Burdens

I’ve been surprised many times at how strong the connection is between my mind and my body. Thoughts may not be tangible, but there is no denying that they have tangible effects on how my body works (or doesn’t work, as the case may be). My doctor told me years ago that the symptoms I described to him were not a disease—they were the natural (and quite common, he assured me) results of stress. The cure was not medicine, but a quieter mind. Easier said than done. The good news is we’re not alone: Psalm 55:22 and 1 Peter 5:7 invite us to cast our burdens on the Lord, who cares for his children. Galatians 6:2 also encourages God’s people to imitate their Saviour and “carry each other’s burdens, and in this way you will fulfil the law of Christ.”

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Peace And Rest

After the busy, noisy celebration of Christmas, the slower pace and restfulness of this week between Christmas and New Year’s is refreshing. But if the good news we just celebrated is true, then peace and rest mean much more than a temporary time of relief in our schedule. There is a peace and rest available to us that is deep enough to remain even in the most hectic times, and secure enough to withstand the most severe troubles. This peace and rest came to us because of Christmas, but they are not presents—they are found in a person. That’s what I’ve tried to capture in these two poems:

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Two Powerful Skills You Already Have

Walking and eating are two of the most fundamentally basic human skills—the kind of things we learn in infancy. But I have found that walking and eating are also two of the most powerful contexts for experiencing human connection. What do we suggest when we want to see someone? More often than not, it involves eating at some point. Or walking. Or both.

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Heroes and Villains

One of my favourite things about a good story is the character development. I love it when I can watch someone in the story growing and changing and learning as the circumstances they face force them to make decisions and live with the consequences of their mistakes or taste the rewards of their sacrifices. Some of my favourite characters in literature are far from perfect, but they reflect our common humanity and they teach me something about how our personal character—for good or for evil—is forged slowly in the furnace of decisions. Even our small, daily choices will be motivated and directed either towards a love for self above all, or a love for God that expresses itself in love for others. Over time, these choices shape us. These choices make us. That’s what I was thinking about when I wrote this triple poem (is a triple poem even a thing? Anyway, it is now):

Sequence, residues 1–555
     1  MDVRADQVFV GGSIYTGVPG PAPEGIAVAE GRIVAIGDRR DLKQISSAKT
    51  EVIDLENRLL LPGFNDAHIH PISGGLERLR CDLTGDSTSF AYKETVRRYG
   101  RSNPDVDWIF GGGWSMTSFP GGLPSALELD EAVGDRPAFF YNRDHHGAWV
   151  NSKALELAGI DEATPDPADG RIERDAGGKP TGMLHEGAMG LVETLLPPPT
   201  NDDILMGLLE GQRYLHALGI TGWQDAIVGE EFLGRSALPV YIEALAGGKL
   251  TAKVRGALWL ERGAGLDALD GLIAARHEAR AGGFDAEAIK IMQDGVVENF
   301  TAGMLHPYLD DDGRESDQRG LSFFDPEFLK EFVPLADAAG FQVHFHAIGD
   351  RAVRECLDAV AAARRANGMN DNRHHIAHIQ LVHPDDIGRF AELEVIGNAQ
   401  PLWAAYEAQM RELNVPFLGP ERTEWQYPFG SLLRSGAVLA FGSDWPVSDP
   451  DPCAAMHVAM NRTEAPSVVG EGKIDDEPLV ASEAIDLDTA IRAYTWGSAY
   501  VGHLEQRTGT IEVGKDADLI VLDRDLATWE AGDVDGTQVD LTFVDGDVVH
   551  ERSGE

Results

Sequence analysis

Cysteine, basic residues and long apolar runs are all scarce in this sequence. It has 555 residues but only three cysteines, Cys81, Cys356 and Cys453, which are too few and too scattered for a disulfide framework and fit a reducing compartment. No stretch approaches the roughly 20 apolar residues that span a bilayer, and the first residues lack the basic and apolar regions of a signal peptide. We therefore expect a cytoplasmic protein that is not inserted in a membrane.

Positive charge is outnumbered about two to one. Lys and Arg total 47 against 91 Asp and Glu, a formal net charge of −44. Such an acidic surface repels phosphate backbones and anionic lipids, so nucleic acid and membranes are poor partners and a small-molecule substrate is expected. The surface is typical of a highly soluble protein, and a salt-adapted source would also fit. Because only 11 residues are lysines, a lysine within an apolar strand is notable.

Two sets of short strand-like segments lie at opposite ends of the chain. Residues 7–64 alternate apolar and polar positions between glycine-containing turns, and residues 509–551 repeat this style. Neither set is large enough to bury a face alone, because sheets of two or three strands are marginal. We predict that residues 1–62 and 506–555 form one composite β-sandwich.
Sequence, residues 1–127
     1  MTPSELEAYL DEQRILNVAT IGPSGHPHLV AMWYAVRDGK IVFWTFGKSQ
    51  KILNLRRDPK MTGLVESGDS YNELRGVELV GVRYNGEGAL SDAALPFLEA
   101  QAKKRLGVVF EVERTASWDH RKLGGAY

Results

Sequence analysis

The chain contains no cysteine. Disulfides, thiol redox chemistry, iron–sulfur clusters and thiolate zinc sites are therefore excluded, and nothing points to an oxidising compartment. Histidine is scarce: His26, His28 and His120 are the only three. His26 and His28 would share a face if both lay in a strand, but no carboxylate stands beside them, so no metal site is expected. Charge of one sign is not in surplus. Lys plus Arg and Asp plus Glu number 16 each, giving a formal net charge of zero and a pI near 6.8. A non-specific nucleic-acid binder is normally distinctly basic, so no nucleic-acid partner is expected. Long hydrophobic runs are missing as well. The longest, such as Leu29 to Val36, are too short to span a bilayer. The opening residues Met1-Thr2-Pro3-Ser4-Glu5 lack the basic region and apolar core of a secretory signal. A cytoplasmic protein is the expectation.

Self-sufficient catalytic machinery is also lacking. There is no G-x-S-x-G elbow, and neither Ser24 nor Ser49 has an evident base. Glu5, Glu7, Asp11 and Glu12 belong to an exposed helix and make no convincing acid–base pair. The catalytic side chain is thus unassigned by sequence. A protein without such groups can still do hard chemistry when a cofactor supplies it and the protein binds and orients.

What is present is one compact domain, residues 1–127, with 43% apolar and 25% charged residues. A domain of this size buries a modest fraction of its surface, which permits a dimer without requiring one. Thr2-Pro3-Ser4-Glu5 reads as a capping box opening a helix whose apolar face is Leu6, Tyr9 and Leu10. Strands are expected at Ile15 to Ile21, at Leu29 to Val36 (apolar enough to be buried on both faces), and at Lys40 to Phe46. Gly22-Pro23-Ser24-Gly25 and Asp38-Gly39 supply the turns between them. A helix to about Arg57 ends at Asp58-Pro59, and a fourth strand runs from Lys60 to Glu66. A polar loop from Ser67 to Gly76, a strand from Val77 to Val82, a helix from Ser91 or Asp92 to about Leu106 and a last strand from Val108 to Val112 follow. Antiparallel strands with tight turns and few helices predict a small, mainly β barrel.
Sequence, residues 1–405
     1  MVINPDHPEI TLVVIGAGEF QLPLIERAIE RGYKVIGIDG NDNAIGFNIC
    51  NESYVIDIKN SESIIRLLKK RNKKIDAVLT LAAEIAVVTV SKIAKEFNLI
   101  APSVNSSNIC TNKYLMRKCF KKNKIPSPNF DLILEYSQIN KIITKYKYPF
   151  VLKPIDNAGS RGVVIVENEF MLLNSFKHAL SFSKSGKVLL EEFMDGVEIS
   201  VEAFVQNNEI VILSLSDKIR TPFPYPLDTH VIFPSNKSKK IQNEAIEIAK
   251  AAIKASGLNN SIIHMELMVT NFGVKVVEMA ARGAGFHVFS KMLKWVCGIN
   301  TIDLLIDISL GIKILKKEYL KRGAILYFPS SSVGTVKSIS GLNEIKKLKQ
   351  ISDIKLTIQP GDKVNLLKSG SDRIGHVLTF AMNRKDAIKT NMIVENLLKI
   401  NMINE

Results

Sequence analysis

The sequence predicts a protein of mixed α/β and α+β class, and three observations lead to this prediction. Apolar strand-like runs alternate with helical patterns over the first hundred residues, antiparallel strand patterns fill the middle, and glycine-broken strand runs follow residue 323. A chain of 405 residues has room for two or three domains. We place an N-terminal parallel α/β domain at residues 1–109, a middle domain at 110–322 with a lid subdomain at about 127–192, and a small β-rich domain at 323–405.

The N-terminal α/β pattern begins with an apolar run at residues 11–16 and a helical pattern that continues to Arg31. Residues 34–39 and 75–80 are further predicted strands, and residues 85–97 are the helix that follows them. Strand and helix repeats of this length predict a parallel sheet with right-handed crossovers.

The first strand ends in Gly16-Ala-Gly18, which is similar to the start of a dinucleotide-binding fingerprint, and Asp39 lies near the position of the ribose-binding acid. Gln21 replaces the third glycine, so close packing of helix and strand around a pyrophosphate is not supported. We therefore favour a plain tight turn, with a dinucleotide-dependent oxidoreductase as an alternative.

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Freedom

For my whole life I have lived in free societies, from growing up in America to now living in Ireland. In the long span of human history, and even in the world today, I know that I am in the minority to be able to live with this level of freedom. I also know that the freedoms I enjoy (and so often take for granted) did not come easily. Freedom is a gift, not a given. It is won and maintained only with effort and care. That’s what this poem is about:

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A Living Poem

One of the reasons I love poetry is because of the power it has to make ordinary language come alive in new and different ways. But of course, when I say “come alive” that’s only a poetic phrase—I don’t actually mean that poems could ever really live. Or could they?

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Airplanes

I spent a large portion of the last couple of days in airports and airplanes, and it’s always amazing to me to think of—and participate in—humanity’s (relatively) new ability to fly. Still, no matter how fast we can get there, the reality is that we can only ever be in one place or another, never both. That’s what this poem is about:

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We Cry Out

We’ve been working our way through Romans in our local Bible study group, and last week we talked about the part in chapter 8 where Paul writes this:

“We know that the whole creation has been groaning as in the pains of childbirth right up to the present time. Not only so, but we ourselves, who have the firstfruits of the Spirit, groan inwardly as we wait eagerly for our adoption to sonship, the redemption of our bodies.”

As I’ve read the news this week, I have thought about these verses often. I feel it in my own heart: I am groaning inwardly. The whole world is groaning in pain. But the beauty of this passage is not in its realism, although the realism is important. We dare not downplay the pain. It is too real, too horrible, too heavy. In a global moment like this, we simply cannot ignore the brokenness of our world, or pretend that everything is fine. It’s not fine. At all. And yet, we see in these verses that although reality includes pain and groaning right now, reality is more than those things—there is a hope that is just as real—even more so. That’s what I tried to capture in this poem:

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